Women in Egypt Gain Broader Divorce Rights

By Howard Schneider
Washington Post Foreign Service
Friday , April 14, 2000 ; A16

CAIRO –– The trouble in Saba Wahad's marriage started right away.

Wahad, 24, said her husband, a colleague of her brother's, hit her at the slightest provocation and became increasingly volatile with the birth of two children and mounting financial pressure.

"I had no idea he would be like this," said Wahad, whose marriage nearly two years ago, like many matches in the Middle East, was arranged by her family with no time for courtship.

In another era, Wahad's choices would be grim: Tolerate the violence or seek divorce through a court system that demanded women provide exacting proof of abuse, adultery or some other reason for dissolving a union, while giving men appeal rights that took years to exhaust.

Today, however, she and other Egyptian women are coming to court with new authority. A law that took effect last month allows them to seek a unilateral, no-questions-asked divorce, making Egypt the second country in the Arab world after Tunisia to give women divorce rights similar to those of men.

"This is basically a revolution," said Mona Zulfukar, a lawyer and activist who helped win a 15-year campaign for family law reform that also made child support and alimony easier to collect and consolidated what sometimes grew to be a file of seven or eight separate proceedings under the purview of a single judge.

"The mechanics were archaic and outdated. . . . Cases stayed in there for five, seven, 10 years to be resolved," Zulfukar said. "Women were suffering like mad."

Having survived a bitter debate that drew frequent predictions--from men--that domestic upheaval would inevitably follow such a change, the new Egyptian divorce law demonstrated how difficult social reform can be when faith, politics and culture reinforce the status quo.

Women's rights are a particularly sensitive topic in the Middle East, governed by traditions and religious practices that have justified a range of rules, restrictions and customs--from what can be worn outside the home, to prohibitions on driving and work, to female circumcision and the killing of wives, sisters and daughters who stain family honor.

Support from national leaders is no guarantee of change. In Jordan, the lower house of parliament has refused, despite the support of King Abdullah, to eliminate laws that minimize jail time for men who commit "honor killings." The emir of Kuwait tried to extend the right to vote to women last year, but the idea was rejected by the legislature.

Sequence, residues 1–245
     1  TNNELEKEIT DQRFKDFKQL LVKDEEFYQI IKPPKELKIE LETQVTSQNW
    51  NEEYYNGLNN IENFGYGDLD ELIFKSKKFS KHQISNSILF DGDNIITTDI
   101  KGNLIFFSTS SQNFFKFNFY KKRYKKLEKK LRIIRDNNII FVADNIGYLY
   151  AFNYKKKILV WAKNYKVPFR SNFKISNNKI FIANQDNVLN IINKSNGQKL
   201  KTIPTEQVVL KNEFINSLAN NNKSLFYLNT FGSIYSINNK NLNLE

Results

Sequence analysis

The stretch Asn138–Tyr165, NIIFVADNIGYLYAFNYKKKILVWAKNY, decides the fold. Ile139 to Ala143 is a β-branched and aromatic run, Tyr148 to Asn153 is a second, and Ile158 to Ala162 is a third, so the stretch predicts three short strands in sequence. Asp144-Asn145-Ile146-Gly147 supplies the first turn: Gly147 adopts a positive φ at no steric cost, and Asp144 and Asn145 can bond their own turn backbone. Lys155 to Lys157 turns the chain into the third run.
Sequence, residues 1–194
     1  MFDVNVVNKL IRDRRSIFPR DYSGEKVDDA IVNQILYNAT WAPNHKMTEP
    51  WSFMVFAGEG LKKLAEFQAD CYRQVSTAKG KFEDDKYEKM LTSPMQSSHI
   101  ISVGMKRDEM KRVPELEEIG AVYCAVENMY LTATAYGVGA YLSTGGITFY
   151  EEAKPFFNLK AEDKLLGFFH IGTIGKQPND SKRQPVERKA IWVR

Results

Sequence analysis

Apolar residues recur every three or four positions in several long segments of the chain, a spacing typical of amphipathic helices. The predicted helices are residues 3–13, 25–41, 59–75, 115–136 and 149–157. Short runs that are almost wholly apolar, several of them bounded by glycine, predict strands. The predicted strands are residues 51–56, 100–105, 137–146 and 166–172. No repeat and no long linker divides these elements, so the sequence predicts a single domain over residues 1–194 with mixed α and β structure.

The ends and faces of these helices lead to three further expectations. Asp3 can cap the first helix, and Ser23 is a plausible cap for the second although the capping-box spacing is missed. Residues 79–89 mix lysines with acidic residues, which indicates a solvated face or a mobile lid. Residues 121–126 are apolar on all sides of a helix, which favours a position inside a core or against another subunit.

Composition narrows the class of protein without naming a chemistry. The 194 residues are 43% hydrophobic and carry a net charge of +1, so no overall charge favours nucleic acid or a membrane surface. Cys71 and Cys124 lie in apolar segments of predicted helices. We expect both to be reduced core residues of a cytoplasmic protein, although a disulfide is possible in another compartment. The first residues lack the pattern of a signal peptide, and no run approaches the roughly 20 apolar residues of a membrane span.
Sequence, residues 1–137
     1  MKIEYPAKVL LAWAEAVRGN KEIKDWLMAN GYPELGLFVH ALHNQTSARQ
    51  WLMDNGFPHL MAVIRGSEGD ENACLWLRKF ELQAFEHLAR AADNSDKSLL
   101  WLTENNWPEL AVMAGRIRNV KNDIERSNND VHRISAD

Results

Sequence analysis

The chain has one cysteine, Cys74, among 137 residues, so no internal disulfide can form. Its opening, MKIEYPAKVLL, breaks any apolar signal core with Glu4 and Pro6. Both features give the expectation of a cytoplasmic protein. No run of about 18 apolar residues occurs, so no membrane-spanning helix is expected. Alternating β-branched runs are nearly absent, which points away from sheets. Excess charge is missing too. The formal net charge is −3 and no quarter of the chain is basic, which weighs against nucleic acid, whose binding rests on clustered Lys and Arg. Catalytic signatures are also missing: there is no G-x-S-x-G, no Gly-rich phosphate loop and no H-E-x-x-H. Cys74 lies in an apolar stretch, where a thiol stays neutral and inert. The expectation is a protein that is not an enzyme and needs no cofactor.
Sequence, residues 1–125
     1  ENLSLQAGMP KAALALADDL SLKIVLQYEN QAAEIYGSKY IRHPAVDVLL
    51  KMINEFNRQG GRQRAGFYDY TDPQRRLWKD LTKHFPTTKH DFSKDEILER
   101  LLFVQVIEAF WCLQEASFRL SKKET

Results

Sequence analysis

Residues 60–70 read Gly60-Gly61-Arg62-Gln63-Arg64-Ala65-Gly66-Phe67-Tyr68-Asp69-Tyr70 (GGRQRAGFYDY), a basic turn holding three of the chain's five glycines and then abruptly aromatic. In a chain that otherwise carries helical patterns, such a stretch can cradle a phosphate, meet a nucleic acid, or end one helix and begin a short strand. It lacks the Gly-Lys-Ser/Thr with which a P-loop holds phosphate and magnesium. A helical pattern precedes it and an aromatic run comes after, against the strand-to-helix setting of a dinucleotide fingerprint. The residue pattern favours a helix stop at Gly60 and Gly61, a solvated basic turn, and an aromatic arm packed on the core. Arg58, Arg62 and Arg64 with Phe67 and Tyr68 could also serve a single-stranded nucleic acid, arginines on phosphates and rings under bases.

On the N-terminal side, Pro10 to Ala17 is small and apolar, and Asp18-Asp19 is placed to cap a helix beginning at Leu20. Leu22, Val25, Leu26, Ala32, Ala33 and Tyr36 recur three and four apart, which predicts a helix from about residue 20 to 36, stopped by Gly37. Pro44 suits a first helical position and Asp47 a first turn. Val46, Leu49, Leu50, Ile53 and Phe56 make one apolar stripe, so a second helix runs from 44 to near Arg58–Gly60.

In Egypt, it took a diverse coalition to make reform possible, including President Hosni Mubarak, whose wife has been active on social reform issues. Also involved were activists interested in making the legal system more efficient; civil libertarians and supporters of women's rights; and, perhaps most important, Muslim scholars who agreed there was justification within Islam for the proposed changes.

"The whole thing is a cultural struggle today; it is not men against women," said Mona Makram Ebeid, a former member of parliament and a political scientist at the American University of Cairo. "It's a struggle between the conservative element and the civil society."

It was in fact the justification of the new law on religious grounds that won it approval in this often devout nation, where family law in particular is supposed to be rooted in the sharia, or Islamic code. Divorce, Egyptian activists argued, was clearly meant by the Prophet Mohammed to be an equal--or at least nearly equal--opportunity for men and women to dissolve unhappy marriages. Scholars at Cairo's Al Azhar University, the Muslim world's oldest seat of religious learning, agreed.

With Lebanon already studying the statute as a possible model for expanded divorce rights for women there, supporters feel they have found a formula that can overcome tradition, and without the upheaval often predicted in the Middle East when arguments are made in favor of social change.

It is the second major step on women's issues that Egypt has approved in recent months. Last fall, the government repealed a controversial part of the criminal code that allowed rapists to avoid imprisonment if they offered to marry their victims.

During the six weeks the law has been on the books, about 300 women have used it to initiate proceedings. According to Egyptian government statistics, about 290,000 people get divorced here each year. In Cairo, where about one-fifth of Egypt's more than 60 million people live, roughly 15,000 women file for divorce annually.

Opposition from religious conservatives and men who saw their domination of family life threatened required some compromise. As the legislation progressed, a provision allowing Egyptian women to travel without a husband's or father's permission was eliminated as too daring.

And even with the recent reforms, a husband can still break a marriage far more easily than a wife. As little as an hour with the local marriage registrar is all it takes under the broad divorce powers given to men. The wife does not have to be informed.

Under the new law, by contrast, court-supervised mediation is required before a divorce is granted at the woman's request, and then she must return any cash or property provided by her husband under their marriage contract.

Nevertheless, Wahad and other women said, the new law has given them hope that if the courts tie up a case too long examining a woman's claims--it is still preferable to prove cause, if only to retain the marriage payment Egyptian men often bring to a new union--they can opt for a quick exit under the new statute.

"We are going to take this all the way through, but if the courts drag we will use the Khola," said Wahad's lawyer, Wahed Azmy, using the Koranic name for the new law.

© 2000 The Washington Post Company